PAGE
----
Written by Kathy Salaman

In The News

Cilla: An infectious entertainer

Cilla Black’s death at the weekend has left a huge gap in the entertainment world, says Kathy Salaman.

Cilla Black

Photo: ITV.

Few celebrity deaths have really touched my life; John Lennon and Rik Mayall are the only ones I can think of. My memory of Elvis’s passing is of my friend’s mother – a huge Elvis fan – sitting on her knitting needles when his death was announced on the TV news. And yes, I was shocked and saddened when Diana was killed, but I didn’t feel as if something was missing.

I’ve never been what you’d call a Cilla fan. I’ve never bought one of her records; I don’t own any DVDs of her successful but not-so-celebrated TV shows; I’ve never met Cilla (although I’m sure we would have got on famously and become great friends if I had) and I didn’t cry when I read with shock and disbelief about her death.

Yet I feel a real sense of loss – as if something has been removed from my life that I just assumed would always be there. This isn’t on a par with the grief experienced when a family member dies: this feels more like someone has suddenly removed the chair I was about to sit in and informed me that I must remain in the about-to-sit-comfortably position from now on.

Just like The Beatles, Cilla formed a large part of the background music of my early childhood. Unlike The Beatles, however, she didn’t register on my music radar as I was growing up and starting to develop my tastes and buy my own records. I’ve always loved hearing her hits, particularly Anyone Who Had a Heart, but I’ve never thought about buying any of her music.

Really, it wasn’t until 1985, when she began presenting Blind Date, that I realised what a truly awesome woman she was.

Winter Saturday evenings, while getting dolled up for a night out, were always accompanied by the unforgettable, bouncy theme tune of Blind Date; Cilla’s jolly, often cutting wit; “our Graham’s” quick reminders and, so it seemed every week, at least one contestant named ‘Clurr’.

“Many hosts would have made the show about them, but Cilla always made it about the contestants, even if there was often an element of piss taking and schadenfreude in her remarks.”

And didn’t Cilla always look fab? Her carefully tailored clothes and elegant heels. Her well-groomed hair and perfect makeup. Her beautiful (and reworked) teeth. She was a pleasure to watch as well as to hear.

Let’s be honest, now: the format for Blind Date was pretty cruddy. But, with Cilla as host, it went from strength to strength. Without her infectious, bubbly personality and sense of fun (as well as her keen radar for spotting the ridiculous from within many of the contestants – some were completely unaware that she was taking the piss out of them!) the show would have died an early death.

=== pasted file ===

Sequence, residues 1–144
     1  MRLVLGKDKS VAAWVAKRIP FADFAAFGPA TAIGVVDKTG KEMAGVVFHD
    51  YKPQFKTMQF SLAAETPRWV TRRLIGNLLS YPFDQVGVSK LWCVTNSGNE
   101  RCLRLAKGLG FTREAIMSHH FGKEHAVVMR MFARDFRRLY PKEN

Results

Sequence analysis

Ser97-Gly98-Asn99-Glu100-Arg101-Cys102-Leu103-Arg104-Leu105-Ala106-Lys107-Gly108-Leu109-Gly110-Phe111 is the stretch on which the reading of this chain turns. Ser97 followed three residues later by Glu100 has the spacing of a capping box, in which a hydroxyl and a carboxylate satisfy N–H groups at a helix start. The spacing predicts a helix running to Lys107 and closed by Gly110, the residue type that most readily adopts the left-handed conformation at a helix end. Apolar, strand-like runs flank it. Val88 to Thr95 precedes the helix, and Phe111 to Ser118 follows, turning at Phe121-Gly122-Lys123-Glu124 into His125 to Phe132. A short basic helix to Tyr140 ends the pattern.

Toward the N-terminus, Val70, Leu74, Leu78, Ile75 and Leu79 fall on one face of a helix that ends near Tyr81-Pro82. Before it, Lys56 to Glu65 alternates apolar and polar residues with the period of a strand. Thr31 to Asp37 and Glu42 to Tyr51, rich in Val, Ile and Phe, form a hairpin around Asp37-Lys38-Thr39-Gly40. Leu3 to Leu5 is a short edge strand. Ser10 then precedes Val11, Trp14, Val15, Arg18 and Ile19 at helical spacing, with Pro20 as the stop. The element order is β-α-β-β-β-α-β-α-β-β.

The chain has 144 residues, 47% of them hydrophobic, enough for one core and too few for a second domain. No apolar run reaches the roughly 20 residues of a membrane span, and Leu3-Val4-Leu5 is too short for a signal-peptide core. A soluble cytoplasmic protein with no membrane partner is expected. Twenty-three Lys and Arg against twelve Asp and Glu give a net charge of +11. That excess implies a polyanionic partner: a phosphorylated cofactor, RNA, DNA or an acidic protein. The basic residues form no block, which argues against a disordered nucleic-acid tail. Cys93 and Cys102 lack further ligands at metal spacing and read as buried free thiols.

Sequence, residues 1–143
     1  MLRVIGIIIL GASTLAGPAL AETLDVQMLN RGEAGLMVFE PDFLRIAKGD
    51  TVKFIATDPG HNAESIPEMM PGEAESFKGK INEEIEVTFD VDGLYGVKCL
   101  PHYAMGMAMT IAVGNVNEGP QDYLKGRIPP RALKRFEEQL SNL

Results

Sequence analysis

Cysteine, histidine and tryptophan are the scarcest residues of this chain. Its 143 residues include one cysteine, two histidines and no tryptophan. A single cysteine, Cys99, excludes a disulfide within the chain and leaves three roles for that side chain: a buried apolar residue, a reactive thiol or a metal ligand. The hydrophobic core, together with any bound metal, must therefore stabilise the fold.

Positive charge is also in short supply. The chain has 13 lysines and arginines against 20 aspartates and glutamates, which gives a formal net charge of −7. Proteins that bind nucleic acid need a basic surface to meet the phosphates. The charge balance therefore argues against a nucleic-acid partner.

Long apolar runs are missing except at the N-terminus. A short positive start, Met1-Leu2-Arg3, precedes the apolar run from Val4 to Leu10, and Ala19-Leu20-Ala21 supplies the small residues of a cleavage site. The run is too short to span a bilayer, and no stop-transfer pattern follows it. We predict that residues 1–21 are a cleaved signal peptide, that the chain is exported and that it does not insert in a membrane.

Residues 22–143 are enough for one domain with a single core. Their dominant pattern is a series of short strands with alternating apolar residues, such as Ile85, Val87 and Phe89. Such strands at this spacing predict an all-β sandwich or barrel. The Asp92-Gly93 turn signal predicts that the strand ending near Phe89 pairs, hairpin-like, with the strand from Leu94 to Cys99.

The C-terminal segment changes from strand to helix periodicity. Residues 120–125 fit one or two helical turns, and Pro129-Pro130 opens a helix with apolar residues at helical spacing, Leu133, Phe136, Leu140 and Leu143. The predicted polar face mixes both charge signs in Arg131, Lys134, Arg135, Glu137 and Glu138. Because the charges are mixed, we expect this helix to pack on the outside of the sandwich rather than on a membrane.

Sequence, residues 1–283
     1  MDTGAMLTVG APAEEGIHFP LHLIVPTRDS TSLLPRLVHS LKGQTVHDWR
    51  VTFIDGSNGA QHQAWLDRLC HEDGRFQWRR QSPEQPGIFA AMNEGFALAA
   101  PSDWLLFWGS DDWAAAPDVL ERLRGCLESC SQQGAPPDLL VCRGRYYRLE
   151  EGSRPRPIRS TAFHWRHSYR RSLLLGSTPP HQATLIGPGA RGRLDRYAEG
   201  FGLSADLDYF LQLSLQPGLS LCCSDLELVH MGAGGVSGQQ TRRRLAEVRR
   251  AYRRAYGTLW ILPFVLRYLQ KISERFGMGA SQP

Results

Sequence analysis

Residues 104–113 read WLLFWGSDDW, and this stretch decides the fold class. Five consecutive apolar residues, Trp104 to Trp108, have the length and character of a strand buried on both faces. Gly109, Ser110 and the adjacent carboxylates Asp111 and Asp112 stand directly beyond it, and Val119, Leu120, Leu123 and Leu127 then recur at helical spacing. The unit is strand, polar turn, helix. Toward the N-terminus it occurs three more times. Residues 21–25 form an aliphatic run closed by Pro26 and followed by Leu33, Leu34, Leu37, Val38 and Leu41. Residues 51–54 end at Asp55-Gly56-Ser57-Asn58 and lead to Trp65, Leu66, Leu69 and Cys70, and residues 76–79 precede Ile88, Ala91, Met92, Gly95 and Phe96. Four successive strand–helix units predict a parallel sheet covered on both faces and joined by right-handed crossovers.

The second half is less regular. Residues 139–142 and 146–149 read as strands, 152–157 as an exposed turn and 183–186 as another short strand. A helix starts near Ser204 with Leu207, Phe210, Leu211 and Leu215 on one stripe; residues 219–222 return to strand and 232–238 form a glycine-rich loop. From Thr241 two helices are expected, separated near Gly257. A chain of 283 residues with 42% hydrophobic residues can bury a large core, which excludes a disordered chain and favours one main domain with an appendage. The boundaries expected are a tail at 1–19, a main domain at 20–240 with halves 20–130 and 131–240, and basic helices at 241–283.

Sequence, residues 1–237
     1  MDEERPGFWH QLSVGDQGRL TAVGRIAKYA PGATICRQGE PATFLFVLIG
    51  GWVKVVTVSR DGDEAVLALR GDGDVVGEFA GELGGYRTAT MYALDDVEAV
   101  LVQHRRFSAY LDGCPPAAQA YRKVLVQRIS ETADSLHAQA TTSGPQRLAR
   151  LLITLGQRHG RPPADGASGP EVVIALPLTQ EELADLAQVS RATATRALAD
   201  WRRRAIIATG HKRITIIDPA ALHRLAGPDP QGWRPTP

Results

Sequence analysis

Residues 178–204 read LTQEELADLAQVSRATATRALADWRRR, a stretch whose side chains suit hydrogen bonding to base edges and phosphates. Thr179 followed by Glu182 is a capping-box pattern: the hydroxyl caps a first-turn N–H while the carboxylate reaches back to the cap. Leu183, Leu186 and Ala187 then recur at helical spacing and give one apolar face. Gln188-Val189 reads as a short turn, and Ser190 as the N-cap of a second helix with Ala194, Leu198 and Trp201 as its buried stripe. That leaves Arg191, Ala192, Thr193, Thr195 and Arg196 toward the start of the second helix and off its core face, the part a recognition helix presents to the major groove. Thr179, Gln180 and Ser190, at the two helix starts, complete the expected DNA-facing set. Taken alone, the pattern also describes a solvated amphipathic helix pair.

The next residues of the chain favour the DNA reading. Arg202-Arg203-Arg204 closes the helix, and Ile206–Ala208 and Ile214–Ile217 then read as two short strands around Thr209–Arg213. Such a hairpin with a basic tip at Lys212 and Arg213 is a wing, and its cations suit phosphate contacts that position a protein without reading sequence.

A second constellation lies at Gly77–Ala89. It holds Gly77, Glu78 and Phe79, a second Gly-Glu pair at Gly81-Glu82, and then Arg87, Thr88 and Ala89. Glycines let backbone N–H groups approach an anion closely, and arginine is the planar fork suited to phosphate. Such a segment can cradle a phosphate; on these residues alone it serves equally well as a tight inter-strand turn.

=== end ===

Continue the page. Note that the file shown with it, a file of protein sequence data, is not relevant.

Cilla just naturally attracted members of the public – of all ages. Perhaps it was her very ordinary upbringing, but there was just something so natural about the way she engaged her audience. We felt that she really wanted us there – not to admire her, but to have a good time. And boy, didn’t we have a good time! Blind Date was most definitely Cilla’s show, but she behaved as if it was all ours.

Many hosts would have made the show about them, but Cilla always made it about the contestants, even if there was often an element of piss taking and schadenfreude in her remarks.

Cilla in 1969. Photo: Parlophone/Warner Music Group.

Cilla in 1969. Photo: Parlophone/Warner Music Group.

Not many (including yours truly) remember the pilot, hosted by Duncan Norvelle (the blond chap who was funny for about a week with his ‘chase me’ routine as he minced around the studio of Bernie Winters’ Make Me Laugh show). Perhaps I’m being unfair; maybe there was another dimension to him, but I doubt it would have stood the test of time as Cilla’s personality did.

It was a shock to many – show producers included – when, during a 2003 live broadcast, Cilla announced that she would no longer host the show after that series. Despite rumours that ITV bosses had been looking for a new presenter, that didn’t happen. Cilla was Blind Date and no presenter with an ounce of self-respect would have attempted to step into her glamorous heels.

Now that she has gone, we can look forward to a selection of her greatest TV moments and perhaps we shall see her hit songs re-enter the charts: I, for one, will be downloading some of my favourite Cilla songs today. (Why did I not do that years ago?)

I hope, though, that we can avoid turning Cilla’s death into an excuse for a Diana-esque mass mourning and hysterical bandwagon-jumping circus: I get the impression Cilla would have hated that.

The outpourings on social media and the condolences and sharing of fond memories – from celebrities and members of the public – will continue for a while. There will be many lovely anecdotes shared and maybe spiteful remarks from the likes of Katie Hopkins (can you imagine what will take place when she pops her clogs?)

But when all that has quietened down, there will be a huge gap in the world of entertainment – and in the hearts of many who, like me, thought Our Cilla would always be around.


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Written by Kathy Salaman

Kathy Salaman is a former teacher who would like to see a fairer state education system, fewer wrinkles and world peace. She loves teaching English and maths, telling naughty jokes and reading geeky stuff.